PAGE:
Scientists have found a way to make spiders spin webs reinforced with carbon nanotubes, or graphene. But they didn’t do it through robotics, or even fiddling with the spiders' genes. They simply exposed the spiders to some water containing the nanomaterials, which then drank it.
This might sound like the stuff of a cheap superhero or monster movie but rest assured, this is a real scientific study recently published in the journal 2D Materials.
"Humans have used silkworm silks widely for thousands of years, but recent research has focused on spider silk, as it has extremely promising mechanical properties,” project leader Professor Nicola Pugno, of the University of Trento in Italy, said in a statement. “It is among the best-spun polymer fibres in terms of tensile strength, ultimate strain, and especially toughness, even when compared to synthetic fibres such as Kevlar."
He explained that, as we already know biominerals are found in the proteins and hard tissues of insects' jaws, mandibles, and teeth, "our study looked at whether spider silk's properties could be 'enhanced' by artificially incorporating various different nanomaterials into the silk's biological protein structures."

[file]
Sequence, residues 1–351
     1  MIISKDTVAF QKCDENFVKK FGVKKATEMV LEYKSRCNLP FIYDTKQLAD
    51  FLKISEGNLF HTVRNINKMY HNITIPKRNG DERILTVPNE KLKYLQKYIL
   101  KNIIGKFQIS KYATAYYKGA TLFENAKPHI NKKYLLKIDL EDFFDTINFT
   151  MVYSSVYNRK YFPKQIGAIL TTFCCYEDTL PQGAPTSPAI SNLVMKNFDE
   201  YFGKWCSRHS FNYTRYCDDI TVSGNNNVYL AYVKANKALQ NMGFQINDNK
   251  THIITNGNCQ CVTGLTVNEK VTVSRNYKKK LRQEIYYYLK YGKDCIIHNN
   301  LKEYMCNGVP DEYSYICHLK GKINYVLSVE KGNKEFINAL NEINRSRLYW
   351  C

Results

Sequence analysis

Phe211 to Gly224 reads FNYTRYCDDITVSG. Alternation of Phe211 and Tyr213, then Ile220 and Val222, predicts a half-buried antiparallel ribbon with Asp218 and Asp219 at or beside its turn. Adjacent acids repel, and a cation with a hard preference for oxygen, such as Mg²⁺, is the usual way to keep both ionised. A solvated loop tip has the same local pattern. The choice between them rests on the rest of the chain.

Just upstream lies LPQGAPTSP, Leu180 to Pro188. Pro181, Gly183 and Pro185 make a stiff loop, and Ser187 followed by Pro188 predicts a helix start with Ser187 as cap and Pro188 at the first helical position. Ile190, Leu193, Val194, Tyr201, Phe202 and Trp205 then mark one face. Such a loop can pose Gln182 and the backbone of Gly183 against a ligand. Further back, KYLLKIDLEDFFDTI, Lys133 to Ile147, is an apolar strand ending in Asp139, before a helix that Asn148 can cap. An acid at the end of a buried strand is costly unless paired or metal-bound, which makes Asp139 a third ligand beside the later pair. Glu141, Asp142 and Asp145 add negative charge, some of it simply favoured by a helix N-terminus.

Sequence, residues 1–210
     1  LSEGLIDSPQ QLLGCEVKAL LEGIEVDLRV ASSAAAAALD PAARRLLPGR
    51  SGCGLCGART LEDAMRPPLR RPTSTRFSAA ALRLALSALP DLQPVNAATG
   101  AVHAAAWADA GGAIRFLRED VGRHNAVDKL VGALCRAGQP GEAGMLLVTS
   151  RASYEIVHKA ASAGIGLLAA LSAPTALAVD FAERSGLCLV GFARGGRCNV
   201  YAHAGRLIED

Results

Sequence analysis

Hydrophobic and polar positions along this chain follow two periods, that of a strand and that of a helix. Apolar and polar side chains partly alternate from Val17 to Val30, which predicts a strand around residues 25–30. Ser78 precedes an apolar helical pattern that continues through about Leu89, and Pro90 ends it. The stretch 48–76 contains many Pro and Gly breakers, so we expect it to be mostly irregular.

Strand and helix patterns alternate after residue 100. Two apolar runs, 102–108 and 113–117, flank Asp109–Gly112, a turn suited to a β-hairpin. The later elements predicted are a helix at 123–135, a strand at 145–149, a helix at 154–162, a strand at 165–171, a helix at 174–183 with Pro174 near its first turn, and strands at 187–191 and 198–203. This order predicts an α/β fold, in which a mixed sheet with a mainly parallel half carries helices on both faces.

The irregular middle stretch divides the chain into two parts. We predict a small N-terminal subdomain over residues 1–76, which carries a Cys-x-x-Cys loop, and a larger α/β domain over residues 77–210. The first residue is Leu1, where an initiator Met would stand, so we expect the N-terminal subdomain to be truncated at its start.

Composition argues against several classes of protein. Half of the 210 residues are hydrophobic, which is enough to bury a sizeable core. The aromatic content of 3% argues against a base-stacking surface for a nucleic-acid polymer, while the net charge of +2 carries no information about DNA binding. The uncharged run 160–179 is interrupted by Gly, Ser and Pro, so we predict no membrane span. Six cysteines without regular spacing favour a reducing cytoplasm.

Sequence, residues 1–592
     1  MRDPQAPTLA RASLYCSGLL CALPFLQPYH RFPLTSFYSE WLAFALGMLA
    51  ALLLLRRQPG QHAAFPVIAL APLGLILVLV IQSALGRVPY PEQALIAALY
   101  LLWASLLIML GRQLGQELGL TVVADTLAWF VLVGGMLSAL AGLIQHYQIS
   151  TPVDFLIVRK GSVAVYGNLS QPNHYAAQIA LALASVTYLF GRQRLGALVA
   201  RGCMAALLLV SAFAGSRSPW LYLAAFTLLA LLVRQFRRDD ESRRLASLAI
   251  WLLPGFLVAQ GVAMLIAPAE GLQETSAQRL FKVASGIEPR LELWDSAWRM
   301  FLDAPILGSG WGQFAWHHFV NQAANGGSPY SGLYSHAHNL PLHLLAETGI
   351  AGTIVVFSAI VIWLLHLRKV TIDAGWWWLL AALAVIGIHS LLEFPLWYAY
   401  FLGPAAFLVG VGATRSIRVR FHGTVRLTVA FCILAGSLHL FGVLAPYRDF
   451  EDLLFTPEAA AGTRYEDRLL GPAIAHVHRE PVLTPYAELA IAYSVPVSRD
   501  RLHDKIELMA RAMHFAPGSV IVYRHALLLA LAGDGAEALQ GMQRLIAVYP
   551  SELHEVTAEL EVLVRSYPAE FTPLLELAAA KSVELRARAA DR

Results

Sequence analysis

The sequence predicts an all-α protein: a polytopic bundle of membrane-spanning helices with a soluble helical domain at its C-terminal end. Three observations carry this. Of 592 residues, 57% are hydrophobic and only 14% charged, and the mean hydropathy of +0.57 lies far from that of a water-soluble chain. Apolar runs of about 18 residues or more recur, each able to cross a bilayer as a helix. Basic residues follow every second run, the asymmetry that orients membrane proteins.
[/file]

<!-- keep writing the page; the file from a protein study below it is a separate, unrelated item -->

The researchers tested out this method on three different species of spider and each one produced silk that was super-strong and highly resistant to strain. It isn’t clear how the materials become incorporated into their silk fibers, although it might have something to do with the way the silk is woven as it leaves the spider.
Graphene is around 200 times stronger than steel yet a million times thinner than a human hair. Spider silk is also fiendishly tough. So it’s no surprise that these two components combine to create one of the toughest fibers discovered to date. The resulting fiber is so tough the researchers claim a human could easily lay on it like a hammock.
"These are still early days, but our results are a proof of concept that paves the way to exploiting the naturally efficient spider spinning process to produce reinforced bionic silk fibres, thus further improving one of the most promising strong materials," Pugno said. One of the suggested applications is for parachute material.
“Furthermore, this process of the natural integration of reinforcements in biological structural materials could also be applied to other animals and plants, leading to a new class of “bionicomposites” for innovative applications,” he added.
Now it sounds like a movie.